August we stayed at home, expecting the house purchase to come through. It never did of course. We’re sitting with money in our account waiting to hand it over. No chain, no complications, just solicitors. Craig moved back in with us in April and was itching to get into his new home. Travelling along the Nottingham Ring Road is no fun. Adrian is frantically trying to get the front drive prepared for renewal. The contractor shifted 17 tonnes of earth and stones from the drive with a digger. Adrian shifted 3 tonnes of Bulwell stone and 7 tonnes of earth with a wheel barrow. We made the mistake of deciding to preserve the old brick driveway to the workshop which was laid by Italian prisoners of war. “To tell the story of the house” Adrian said. Now instead of having a complete new driveway we have an almost complete and beautiful driveway with a mess at the end which needs relaying. It didn’t look too bad when the driveway was a mess, but now the contrast is obvious. No wonder the previous owners covered it in stones. We might do that again too. And we didn’t even get a discount for having less work done. And to top it all, Adrian dislocated his finger removing the 6 inch nails from the oak fence posts which had stood outside for the last 55 years. They were well rusted in and took all his strength to remove them. And there were 37 posts! And 37 fence panels to remove before the drive could be laid. After dislocating his finger and putting it back in place himself (well, he couldn’t drive like that anyway could he?) Adrian continued his work with a crowbar, hammer and pincers. An hour later he crushed his finger under about a tonne of weight with the crowbar and decided it was time to end work for the day. Craig came home and insisted he went to A&E, which is sensible. They X-rayed it, strapped it up and gave their prescription not to use it and booked physiotherapy appointments. “No, no, I’ll take care of it.” But of course the fence posts had to be processed, shifted and 10 tonnes of earth and stone shifted next week. The physio was horrified when I asked her if it was OK to go sailing. I thought I had better not mention the driveway.
September is the month when it all came together of course. The driveway was started on 1st ;the house, after agreeing the sale in April, finally got to completion on the 4th, just as the drive was coming to completion. And both needed paying on the same day. Sue only saw the house the previous weekend. It’s the second time Adrian bought a house without her seeing it but at least Craig was paying for this one. A mega trip to IKEA to buy furniture and a couple of days to put it together in between physio trips “No of course I’m being careful.” She never found out I’d been building furniture and shifting earth. And when that was done, the same week, we went on our sailing trip to Menorca. Adrian was told not to go sailing, but Adrian and Claire had wanted this trip for the last ten years so there was no way it would be called off. Adrian’s experience of sailing in Glasgow while secretary of the British Steel sailing club, meant he knew what he was risking by going. And we know it was quite still and calm in Menorca. So we didn’t think there would be a problem. There wasn’t but they had rather strong winds that week, unusually strong, but at least there was no terrorism or riots in Menorca. Sue had time to herself in the afternoons as Adrian and Claire sailed in the bay. They were superb at the sailing club and we even got a day for free. And for the last day, we all went in Kayaking. It was harder than we thought and we were glad we’d only booked an hour. The wind and tide made it hard to get back.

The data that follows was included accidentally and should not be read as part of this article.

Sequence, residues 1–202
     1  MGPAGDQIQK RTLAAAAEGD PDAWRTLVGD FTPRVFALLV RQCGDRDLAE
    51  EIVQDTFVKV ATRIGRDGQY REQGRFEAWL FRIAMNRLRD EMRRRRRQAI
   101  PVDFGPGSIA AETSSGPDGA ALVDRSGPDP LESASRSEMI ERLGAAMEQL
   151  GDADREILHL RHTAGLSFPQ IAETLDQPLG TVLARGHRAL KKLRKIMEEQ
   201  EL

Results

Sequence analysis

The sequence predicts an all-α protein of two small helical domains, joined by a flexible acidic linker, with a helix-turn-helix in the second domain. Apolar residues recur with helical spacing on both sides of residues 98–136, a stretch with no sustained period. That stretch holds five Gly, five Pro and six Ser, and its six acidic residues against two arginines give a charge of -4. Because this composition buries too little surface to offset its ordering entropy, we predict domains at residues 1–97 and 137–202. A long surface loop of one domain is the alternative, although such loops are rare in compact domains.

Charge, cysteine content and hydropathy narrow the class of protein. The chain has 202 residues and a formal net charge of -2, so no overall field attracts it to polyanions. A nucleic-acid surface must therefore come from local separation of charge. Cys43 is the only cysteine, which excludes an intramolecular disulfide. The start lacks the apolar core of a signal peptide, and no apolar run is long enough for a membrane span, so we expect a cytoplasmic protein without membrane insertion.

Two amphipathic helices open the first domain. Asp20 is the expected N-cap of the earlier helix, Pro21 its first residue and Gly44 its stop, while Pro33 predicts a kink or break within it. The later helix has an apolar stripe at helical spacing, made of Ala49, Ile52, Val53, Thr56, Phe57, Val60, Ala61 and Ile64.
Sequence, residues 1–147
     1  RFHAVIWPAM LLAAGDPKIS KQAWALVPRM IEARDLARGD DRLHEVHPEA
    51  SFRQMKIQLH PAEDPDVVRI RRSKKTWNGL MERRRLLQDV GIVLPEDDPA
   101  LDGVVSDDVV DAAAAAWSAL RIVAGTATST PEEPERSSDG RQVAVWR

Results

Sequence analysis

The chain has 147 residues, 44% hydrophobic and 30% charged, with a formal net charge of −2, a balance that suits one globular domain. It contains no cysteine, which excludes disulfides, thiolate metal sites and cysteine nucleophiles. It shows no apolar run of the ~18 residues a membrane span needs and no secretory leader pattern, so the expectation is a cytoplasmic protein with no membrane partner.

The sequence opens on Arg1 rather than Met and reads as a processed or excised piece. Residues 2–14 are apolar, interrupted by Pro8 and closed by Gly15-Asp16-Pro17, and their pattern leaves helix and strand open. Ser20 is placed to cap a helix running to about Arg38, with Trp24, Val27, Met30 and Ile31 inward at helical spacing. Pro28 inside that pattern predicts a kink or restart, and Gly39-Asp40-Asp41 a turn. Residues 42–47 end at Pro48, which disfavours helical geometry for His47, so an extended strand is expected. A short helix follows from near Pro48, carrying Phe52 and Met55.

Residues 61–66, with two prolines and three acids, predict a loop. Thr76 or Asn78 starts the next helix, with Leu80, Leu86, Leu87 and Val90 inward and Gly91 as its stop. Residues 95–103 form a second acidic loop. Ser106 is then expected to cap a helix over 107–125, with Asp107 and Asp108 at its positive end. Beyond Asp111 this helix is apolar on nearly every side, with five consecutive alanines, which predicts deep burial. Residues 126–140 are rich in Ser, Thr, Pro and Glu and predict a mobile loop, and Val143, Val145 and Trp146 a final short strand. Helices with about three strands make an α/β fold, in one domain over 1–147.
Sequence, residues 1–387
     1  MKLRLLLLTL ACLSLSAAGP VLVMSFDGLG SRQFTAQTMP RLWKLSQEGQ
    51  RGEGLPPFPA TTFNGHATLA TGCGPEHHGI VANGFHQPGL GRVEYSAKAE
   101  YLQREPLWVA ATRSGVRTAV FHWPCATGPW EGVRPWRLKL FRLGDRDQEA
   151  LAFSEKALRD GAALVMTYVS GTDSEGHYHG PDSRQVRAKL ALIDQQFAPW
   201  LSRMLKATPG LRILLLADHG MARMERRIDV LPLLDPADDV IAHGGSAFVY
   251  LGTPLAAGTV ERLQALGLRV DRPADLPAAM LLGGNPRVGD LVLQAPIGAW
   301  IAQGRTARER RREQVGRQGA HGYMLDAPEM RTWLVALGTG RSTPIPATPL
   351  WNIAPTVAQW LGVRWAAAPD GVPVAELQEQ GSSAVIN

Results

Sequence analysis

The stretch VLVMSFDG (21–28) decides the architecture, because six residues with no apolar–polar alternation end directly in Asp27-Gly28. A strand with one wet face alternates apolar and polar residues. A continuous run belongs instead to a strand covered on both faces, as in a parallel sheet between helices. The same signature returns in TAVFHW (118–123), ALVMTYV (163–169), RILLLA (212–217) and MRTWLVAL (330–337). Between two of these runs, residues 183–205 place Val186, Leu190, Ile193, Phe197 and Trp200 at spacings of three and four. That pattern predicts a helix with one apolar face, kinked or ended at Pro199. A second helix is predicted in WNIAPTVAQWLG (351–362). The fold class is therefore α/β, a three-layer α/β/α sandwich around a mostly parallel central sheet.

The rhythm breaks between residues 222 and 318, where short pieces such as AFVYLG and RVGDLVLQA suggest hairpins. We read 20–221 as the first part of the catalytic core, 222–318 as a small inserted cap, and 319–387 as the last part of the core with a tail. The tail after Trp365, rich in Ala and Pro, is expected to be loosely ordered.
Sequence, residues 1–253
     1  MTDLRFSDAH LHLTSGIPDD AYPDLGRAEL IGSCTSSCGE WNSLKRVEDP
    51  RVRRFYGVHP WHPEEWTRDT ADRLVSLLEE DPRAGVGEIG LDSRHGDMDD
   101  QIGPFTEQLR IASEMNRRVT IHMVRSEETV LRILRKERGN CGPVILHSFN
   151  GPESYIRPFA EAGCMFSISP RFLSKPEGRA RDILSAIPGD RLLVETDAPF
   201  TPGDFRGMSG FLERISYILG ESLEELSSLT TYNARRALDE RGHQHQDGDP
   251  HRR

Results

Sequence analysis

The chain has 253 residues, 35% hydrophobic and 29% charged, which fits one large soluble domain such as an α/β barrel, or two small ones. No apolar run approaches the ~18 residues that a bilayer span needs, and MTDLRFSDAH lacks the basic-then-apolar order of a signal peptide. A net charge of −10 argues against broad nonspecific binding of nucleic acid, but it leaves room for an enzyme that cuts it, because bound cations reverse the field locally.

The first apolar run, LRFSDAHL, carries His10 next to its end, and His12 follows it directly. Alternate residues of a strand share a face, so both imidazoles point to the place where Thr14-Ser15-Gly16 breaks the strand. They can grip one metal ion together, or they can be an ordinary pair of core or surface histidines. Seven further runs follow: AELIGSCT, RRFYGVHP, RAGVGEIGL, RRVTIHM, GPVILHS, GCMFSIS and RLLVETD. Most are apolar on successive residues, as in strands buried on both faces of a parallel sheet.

On returning Sue went to a training course in the UK, in Berkshire. That provided her with a bit of relief from travelling by air but of course no one does your work when you are not there. September was a busy month, but lovely.